"1st. The property hereby conveyed shall be used for residence purposes exclusively and no building or structure pertaining to or for the conduct of business of any kind whatsoever shall ever be erected thereon.

"2nd. No residence of less than two full stories above the basement shall be erected or placed upon said premises, and no residence shall be erected or placed upon said premises that shall cost less than four thousand dollars ($4,000.00).

"3rd. The residence to be built . . . shall" — certain set-back lines established, not involved here.

"4th. Prescribes height of fences not involved here.

"5th. No more than one residence shall ever be erected or placed," etc.

"6th. No double or tenement houses or flats nor any kind of a residence except a residence designed for use as a single residence, shall ever be erected or placed upon the premises hereby conveyed.

"7th. No oil well, etc.

"Upon a breach of either or any one of the foregoing conditions, the title to said property hereby conveyed and to the whole thereof shall become at once divested from the second party herein, his heirs or assigns and shall revert to and revest in the parties of the first part, their heirs or assigns.

"It is further agreed by the parties hereto that the premises hereby conveyed are part of a tract intended to be used exclusively as a first class residence property, and it is agreed that the conditions hereinbefore recited are intended for and are for the benefit of the remainder of said tract and of the owners thereof, and that a breach of any one of said conditions may be enjoined or prevented by any person owning any property in the tract of which this is a parcel."

Clark and Bryan opened the tract in 1903 or between 1901 and 1903, and deeds each containing the same conditions and restrictions were executed by them to the various purchasers of lots in the tract. The restrictions have no time limit. Defendants Albin eventually became the owners of lot No. 21 upon which was situated a dwelling-house. In May, 1923, the defendants Albin obtained a building permit to rebuild the said residence into an eight-family apartment house and commencing on May 16, 1923, vigorously prosecuted the work. Their certificate of title obtained allowed it. The city zoning ordinance allowed it. A first mortgage was obtained for $28,000 and defendants proceeded to make improvements which are said to be valued at between $65,000 and $85,000. The Albins had also obtained a quitclaim deed to their lot No. 21 from the original owners, Clark and Bryan, conveying the reversionary interest described in the original deeds. On August 2, 1923, when the improvements had progressed to a point where the building was ready to receive the exterior coat of stucco, the several plaintiffs, who owned and occupied five lots in the tract, commenced this action against defendants Albin and against the owners of 14 other lots in the tract who were alleged to have threatened to or to have actually been violating the restrictions in one way or another. Before the judgment was obtained defendants Albin had completed the improvements at least as to outward appearances.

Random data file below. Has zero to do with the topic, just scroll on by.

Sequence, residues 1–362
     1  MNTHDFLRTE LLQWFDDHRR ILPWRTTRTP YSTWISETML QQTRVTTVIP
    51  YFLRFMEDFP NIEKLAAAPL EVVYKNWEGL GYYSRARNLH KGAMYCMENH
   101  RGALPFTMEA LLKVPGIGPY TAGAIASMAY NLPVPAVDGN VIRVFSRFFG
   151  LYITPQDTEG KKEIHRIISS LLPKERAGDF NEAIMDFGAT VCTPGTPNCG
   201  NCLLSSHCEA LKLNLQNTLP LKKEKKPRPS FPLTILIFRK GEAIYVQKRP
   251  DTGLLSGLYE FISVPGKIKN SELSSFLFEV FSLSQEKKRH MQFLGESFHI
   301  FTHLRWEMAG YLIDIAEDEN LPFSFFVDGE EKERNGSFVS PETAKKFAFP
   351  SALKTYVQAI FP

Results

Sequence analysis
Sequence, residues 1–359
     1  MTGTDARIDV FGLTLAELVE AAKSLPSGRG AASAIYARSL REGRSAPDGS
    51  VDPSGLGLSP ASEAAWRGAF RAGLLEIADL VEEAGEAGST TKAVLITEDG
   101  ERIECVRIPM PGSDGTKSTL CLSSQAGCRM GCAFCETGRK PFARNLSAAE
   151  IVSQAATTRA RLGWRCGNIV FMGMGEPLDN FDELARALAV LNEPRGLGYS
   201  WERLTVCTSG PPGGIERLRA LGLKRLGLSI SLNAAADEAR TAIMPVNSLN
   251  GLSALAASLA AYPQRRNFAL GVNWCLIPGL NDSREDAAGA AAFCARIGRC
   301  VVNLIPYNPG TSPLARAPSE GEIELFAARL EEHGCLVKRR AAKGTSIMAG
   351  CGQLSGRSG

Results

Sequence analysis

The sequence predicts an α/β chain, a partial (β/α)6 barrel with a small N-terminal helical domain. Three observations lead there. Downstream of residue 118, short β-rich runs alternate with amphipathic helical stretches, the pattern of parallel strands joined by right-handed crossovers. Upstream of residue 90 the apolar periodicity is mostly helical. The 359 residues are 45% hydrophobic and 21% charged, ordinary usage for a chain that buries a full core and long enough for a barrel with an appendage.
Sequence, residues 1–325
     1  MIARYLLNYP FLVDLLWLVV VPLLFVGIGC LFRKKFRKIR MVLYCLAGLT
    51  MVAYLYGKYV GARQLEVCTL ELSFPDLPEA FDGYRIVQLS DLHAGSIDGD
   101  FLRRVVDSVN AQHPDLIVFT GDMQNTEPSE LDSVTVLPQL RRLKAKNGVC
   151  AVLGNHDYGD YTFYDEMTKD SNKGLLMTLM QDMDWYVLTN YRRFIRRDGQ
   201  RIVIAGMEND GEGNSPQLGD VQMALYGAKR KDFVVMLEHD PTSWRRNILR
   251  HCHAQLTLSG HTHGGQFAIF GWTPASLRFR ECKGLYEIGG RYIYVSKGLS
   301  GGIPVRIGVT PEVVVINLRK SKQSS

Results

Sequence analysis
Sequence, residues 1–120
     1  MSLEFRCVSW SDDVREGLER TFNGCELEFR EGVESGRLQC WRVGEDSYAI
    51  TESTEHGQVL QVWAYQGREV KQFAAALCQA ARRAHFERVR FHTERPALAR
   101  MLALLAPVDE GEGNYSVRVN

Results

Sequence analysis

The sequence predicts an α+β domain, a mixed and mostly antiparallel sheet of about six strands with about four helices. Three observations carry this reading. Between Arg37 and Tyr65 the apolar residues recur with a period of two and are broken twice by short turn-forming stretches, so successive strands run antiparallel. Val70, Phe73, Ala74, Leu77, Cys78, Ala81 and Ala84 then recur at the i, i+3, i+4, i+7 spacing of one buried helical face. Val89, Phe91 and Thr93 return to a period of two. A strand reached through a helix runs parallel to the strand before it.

The complaint, besides the charges against the Albins, alleged that the owners of other designated lots threatened to conduct rooming and boarding houses; that an owner of another lot had permitted the running of a school for defective children and threatened to continue; and that another owner had conducted and threatened to continue to conduct an apartment house. As to those defendants who were alleged to have threatened, the evidence in the case showed that they had actually done the things alleged to have been threatened, although the court's findings only go as far as the allegations of the complaint. These violations set forth from the evidence are as follows:

Lot 16 owned by appellant Dudley; used as a rooming-house for two years at least.

Lot 15 owned by appellant Wyche; used as a rooming-house with signs advertising that fact displayed in front of it, for about three or four years.

Lot 12 owned by appellant Taylor; used as a rooming-house for two or three years, displays signs advertising that fact. Was formerly used for certain church activities.

Lot 18 owned by appellant Ralphs; used for several years as a school for feeble-minded children.

Lot 19 owned by appellant Poland; apartment house operating for about three years.

Lot 24, 25 owned by appellant Walsh; boarding and rooming house, 25 to 30 roomers and boarders.

Lot 53. Rents rooms.

Lot 63. Apartment house; sign advertising that fact displayed on premises.

Lot 62 owned by appellant Cain or by appellant Parlan; used as an apartment house or rooming-house, displays sign advertising this fact. Originally built 20 years ago as a double or duplex residence, for past 12 years used as a rooming-house.

Lot 65 owned by Hamlin; used as a rooming-house.

Lot 90 owned by appellant Young; rented to occasional roomers.